RNA extraction from paraffin-embedded tissue was performed as previously described.8 Briefly, 6 to 10 20-μm paraffin sections were deparaffinized three times in xylene (with heating at 55°C for 10 minutes), twice in 100% ethanol, and twice in 70% ethanol. Sections were suspended in 1 mL extraction buffer (10 mmol/L NaCl, 50 mmol/L Tris-HCL, pH 7.4, 20 mmol/L EDTA, 1% sodium dodecyl sulfate [SDS]) at 55°C overnight with 500 μg/μL proteinase K. After addition of 1 mL of RNA Trizol (GIBCO/BRL, Life Technologies, Gaithersburg, MD) and 200 μL of chloroform, followed by centrifugation, the aqueous phase was combined with an equal volume of isopropanol. The precipitated pellet was washed with 70% ethanol and resuspended in diethylpyrocarbonate (DEPC)-treated water. RT-PCR applied to highly degraded RNA obtained from paraffin-embedded tissues was performed as previously described.8 Briefly, RNA samples were DNAse treated (GIBCO/BRL, Life Technologies), then subjected to an initial assay for amplifiable contaminating genomic DNA using primers specific for glyceradehyde-3-phosphate dehydrogenase (G3PDH) mRNA. Positive samples were retreated with DNase, negative samples (2 to 5 μg) were reverse transcribed using an RNase H-RT (Superscript; GIBCO/BRL, Life Technologies). The resultant cDNA (25 to 100 ng) was amplified as previously described.8 The amount of cDNA used for each amplification reaction was based for each sample on the results of PCR for G3PDH showing equivalent amounts of product amplified from all samples. The selection of G3PDH was based on the observation that G3PDH mRNA is not known to vary in human tisses depending on disease status. Primers, listed in Table 1, were designed for amplification of short amplicons (80 to 130 bp) from highly degraded RNA and spanned at least one splice junction. Genomic DNA could be distinguished from mRNA or cDNA. Amplifications were performed in a thermocycler (Stratagene Robocycler, La Jolla, CA) adding 1.25 U Taq polymerase (GIBCO/BRL) after heating at 94°C for 3 minutes (“Hot Start”); followed by a predetermined number of amplification cycles (94°C, 45 seconds; primer annealing temperature as specified in Table 1 and extension at 72°C); and maintained at 4°C until analysis. The number of amplification cycles was determined experimentally for each primer pair to fit the linear part of the sigmoid curve reflecting the relationship between the number of amplification cycles and amount of PCR product. PCR products were detected by quantitating incorporated32P-labeled nucleotides [α-32P]deoxycytidine triphosphate (dCTP) (specific activity of ≈ 3,000 Ci/mmol) obtained from Amersham, Inc (Arlington Heights, IL). The entire amplification reaction (50 μL) was analyzed by electrophoresis on 8% acrylamide (Long Ranger; AT Biochem, Malvern, PA) Tris-borate EDTA gels (polyacrylamide gel electrophoresis [PAGE]), followed by autoradiography and quantitation by phosphorimage analysis using ImageQuantTM v3.3 software (Molecular Dynamics, Sunnyvale, CA). Band integrations were obtained as the sum of values for all pixels after subtraction of background (areas around each sample). Integrated values for each sample were then normalized for the results of parallel RT-PCR amplification for G3PDH expressed as pixels. The results of RT-PCR analysis are presented as absolute numbers of normalized arbitrary units (pixels)/sample. The ability of the RT-PCR assay to detect quantitative differences in mRNA for each gene product was assessed in experiments where the input cDNA derived from RNA extracted from paraffin-embedded tissues was first serially diluted (100 ng to 1 ng) and then subjected to PCR amplification. Using paraffin-embedded tissues positive for a given gene product along with appropriate negative controls, we verified that the intensity of the PCR product correlated with the dilution of input cDNA in the range used for PCR (25 to 100 ng). Variability of results from different experiments was minimized by use of standard control RNA preparations in parallel PCR. Experiments were considered evaluable only if standard control PCR results were within 15% of the mean.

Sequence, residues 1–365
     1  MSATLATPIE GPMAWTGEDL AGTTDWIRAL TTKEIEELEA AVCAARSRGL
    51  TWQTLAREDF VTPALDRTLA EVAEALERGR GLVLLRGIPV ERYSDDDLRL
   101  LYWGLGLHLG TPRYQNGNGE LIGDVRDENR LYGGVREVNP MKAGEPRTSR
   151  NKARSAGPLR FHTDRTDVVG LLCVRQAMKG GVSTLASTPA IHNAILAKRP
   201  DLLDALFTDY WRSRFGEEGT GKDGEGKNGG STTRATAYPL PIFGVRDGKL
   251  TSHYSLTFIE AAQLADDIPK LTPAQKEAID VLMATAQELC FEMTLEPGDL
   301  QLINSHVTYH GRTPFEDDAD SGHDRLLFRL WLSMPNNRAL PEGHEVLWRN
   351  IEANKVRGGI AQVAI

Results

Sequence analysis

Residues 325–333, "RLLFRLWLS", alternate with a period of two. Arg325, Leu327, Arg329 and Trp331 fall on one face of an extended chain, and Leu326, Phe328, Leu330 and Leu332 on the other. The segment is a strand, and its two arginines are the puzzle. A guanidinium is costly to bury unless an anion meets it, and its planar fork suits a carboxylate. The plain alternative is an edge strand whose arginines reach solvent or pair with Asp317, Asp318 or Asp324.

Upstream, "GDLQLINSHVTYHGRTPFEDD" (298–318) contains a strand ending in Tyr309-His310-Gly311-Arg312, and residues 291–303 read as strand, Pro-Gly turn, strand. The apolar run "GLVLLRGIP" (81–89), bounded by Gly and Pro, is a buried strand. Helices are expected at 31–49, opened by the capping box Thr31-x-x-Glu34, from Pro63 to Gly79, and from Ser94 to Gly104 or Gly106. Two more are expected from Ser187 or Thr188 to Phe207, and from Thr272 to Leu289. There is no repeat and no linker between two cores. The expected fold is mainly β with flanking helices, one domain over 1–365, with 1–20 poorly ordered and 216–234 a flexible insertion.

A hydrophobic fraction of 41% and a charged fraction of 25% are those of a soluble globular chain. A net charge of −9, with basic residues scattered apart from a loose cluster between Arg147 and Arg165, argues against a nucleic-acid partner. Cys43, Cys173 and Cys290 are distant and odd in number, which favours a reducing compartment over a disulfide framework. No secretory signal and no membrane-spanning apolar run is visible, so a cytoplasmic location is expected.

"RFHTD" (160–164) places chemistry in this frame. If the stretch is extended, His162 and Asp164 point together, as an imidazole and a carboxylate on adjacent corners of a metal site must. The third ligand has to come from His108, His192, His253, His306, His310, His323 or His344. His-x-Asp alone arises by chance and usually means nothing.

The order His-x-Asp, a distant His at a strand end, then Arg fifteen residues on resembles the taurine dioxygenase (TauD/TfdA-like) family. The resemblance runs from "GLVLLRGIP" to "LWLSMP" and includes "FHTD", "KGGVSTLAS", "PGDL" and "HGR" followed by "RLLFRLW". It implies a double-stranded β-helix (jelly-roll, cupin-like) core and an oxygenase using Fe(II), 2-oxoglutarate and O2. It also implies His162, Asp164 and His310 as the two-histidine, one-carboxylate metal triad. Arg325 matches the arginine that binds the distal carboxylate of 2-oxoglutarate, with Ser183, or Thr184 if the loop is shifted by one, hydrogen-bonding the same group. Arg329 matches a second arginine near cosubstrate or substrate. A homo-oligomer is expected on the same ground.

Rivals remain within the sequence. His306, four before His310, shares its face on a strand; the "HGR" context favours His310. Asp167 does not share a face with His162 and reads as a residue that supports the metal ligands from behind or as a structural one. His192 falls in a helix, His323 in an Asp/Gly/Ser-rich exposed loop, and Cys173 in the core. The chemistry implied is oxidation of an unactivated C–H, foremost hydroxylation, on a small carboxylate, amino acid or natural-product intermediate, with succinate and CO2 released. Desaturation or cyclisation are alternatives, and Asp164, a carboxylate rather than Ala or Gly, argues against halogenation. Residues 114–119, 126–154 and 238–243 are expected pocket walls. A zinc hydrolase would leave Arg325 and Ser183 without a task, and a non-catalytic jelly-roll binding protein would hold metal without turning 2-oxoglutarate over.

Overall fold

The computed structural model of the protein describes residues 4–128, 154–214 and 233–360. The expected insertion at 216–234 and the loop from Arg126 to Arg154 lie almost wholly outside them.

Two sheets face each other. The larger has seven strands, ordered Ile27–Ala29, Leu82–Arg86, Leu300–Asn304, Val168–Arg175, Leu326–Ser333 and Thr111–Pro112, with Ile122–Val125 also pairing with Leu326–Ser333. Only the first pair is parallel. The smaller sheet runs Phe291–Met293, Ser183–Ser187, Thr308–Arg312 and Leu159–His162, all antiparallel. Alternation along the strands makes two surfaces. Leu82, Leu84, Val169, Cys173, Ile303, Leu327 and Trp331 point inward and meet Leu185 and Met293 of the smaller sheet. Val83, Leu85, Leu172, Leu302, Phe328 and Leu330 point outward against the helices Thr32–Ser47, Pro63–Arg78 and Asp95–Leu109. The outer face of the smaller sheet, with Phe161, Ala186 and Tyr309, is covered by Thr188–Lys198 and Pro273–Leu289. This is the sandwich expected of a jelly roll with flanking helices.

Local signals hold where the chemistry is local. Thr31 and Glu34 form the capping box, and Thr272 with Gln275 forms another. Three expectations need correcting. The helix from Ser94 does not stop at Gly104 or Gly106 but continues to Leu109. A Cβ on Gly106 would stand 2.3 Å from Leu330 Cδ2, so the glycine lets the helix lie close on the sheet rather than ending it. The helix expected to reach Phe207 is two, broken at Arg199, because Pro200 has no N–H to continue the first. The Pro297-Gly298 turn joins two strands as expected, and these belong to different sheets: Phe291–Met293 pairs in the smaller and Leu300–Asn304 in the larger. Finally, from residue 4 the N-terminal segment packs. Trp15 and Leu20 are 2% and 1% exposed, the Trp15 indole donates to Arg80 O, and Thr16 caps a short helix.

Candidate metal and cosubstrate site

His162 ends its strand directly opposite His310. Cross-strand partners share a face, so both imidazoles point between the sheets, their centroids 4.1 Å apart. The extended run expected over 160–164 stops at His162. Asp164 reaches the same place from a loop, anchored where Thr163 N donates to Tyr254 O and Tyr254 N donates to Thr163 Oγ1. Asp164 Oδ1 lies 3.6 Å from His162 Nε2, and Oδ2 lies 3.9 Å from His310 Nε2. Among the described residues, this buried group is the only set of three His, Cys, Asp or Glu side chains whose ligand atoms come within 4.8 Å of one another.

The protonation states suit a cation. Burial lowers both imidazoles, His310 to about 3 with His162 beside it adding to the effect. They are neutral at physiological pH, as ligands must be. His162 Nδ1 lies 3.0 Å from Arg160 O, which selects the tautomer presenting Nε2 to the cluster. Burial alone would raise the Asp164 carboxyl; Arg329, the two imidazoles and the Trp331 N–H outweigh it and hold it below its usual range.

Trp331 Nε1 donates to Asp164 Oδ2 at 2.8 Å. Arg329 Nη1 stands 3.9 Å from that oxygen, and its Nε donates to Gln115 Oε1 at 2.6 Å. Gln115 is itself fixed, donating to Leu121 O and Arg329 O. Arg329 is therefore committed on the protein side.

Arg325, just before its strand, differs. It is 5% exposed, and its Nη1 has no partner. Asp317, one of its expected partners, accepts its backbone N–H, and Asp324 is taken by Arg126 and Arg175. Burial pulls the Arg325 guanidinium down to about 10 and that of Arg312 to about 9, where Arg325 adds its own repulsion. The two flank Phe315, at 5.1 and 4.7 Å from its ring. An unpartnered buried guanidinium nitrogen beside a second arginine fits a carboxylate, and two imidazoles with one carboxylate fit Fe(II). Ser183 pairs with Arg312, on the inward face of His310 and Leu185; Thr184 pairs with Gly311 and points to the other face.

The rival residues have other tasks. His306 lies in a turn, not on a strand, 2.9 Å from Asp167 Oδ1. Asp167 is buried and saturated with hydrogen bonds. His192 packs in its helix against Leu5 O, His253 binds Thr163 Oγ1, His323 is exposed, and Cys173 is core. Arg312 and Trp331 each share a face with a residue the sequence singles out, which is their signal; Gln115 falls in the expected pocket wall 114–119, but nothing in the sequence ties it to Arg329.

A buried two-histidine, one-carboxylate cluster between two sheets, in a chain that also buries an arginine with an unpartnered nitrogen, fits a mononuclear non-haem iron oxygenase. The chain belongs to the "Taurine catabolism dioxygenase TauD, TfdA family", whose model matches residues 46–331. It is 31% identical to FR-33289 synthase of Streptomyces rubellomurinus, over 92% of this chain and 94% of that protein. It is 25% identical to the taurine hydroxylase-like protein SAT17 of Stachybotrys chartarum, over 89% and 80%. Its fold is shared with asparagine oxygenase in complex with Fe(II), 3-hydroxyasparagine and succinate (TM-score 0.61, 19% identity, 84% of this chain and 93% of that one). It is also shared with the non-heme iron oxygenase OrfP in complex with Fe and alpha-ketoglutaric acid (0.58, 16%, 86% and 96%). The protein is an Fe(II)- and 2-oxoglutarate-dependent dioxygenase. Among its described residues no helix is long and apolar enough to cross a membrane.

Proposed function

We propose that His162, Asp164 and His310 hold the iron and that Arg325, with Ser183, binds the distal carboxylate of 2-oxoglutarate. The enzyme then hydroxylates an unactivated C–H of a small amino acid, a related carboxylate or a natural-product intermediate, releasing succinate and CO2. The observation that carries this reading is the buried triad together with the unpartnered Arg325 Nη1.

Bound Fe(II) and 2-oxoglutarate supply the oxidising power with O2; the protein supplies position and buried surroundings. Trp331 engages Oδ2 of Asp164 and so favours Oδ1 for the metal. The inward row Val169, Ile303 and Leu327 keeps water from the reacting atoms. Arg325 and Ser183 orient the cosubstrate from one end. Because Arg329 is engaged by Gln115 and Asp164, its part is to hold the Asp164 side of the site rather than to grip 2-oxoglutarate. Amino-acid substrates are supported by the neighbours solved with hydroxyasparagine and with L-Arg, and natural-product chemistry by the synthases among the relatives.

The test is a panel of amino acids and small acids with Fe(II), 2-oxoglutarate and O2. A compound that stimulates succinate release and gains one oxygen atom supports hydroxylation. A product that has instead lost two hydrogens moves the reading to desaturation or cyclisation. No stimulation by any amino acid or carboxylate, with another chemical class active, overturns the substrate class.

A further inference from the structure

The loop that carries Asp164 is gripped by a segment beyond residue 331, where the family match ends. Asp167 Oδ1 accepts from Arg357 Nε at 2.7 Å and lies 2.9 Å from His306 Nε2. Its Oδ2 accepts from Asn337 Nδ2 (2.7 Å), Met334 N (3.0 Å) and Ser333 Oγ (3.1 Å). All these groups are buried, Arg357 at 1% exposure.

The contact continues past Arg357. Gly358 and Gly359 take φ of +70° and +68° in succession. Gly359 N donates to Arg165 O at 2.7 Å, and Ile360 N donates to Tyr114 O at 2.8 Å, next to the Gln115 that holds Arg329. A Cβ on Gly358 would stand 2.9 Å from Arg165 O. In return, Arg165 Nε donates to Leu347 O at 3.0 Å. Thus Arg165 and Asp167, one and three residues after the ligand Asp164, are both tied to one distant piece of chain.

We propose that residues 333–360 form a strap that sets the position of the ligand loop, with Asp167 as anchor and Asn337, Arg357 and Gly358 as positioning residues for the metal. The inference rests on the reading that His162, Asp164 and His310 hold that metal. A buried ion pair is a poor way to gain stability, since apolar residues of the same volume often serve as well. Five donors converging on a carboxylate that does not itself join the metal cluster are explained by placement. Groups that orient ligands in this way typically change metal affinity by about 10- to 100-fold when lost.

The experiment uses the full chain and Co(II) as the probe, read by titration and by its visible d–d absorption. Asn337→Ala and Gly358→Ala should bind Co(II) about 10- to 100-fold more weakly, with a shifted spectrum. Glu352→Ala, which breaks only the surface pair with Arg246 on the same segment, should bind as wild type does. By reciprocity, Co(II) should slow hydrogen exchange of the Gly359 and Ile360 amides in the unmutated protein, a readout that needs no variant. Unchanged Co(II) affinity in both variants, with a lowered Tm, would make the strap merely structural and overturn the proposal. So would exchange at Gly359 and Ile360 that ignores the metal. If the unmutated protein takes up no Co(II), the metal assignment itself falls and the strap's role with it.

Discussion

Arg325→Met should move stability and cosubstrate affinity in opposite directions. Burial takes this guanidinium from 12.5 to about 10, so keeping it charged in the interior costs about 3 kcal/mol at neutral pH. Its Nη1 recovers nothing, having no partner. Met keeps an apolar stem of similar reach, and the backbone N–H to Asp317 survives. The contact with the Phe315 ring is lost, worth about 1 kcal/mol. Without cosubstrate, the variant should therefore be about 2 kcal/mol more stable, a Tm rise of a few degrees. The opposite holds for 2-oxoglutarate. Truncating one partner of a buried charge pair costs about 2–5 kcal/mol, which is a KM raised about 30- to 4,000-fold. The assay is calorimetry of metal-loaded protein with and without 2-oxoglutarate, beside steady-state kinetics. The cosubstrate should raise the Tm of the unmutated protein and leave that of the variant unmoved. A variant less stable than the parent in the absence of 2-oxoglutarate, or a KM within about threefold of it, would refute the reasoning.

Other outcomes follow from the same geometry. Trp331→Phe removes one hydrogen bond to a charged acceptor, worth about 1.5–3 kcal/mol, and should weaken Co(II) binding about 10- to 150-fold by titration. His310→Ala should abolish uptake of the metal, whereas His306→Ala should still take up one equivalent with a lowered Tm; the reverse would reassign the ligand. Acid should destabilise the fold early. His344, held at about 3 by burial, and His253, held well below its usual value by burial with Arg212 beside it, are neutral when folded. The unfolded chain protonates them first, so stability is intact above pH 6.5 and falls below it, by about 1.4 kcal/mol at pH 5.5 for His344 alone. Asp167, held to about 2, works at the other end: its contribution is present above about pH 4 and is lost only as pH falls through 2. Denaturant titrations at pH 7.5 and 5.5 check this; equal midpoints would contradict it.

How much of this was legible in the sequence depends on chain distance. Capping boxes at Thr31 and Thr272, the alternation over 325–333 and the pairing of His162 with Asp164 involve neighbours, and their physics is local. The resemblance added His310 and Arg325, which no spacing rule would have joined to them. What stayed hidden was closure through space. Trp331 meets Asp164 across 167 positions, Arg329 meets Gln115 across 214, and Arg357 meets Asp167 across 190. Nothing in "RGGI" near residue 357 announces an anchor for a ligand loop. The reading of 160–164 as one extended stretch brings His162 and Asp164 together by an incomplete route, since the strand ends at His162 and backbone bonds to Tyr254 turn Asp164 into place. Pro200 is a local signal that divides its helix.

Table 1.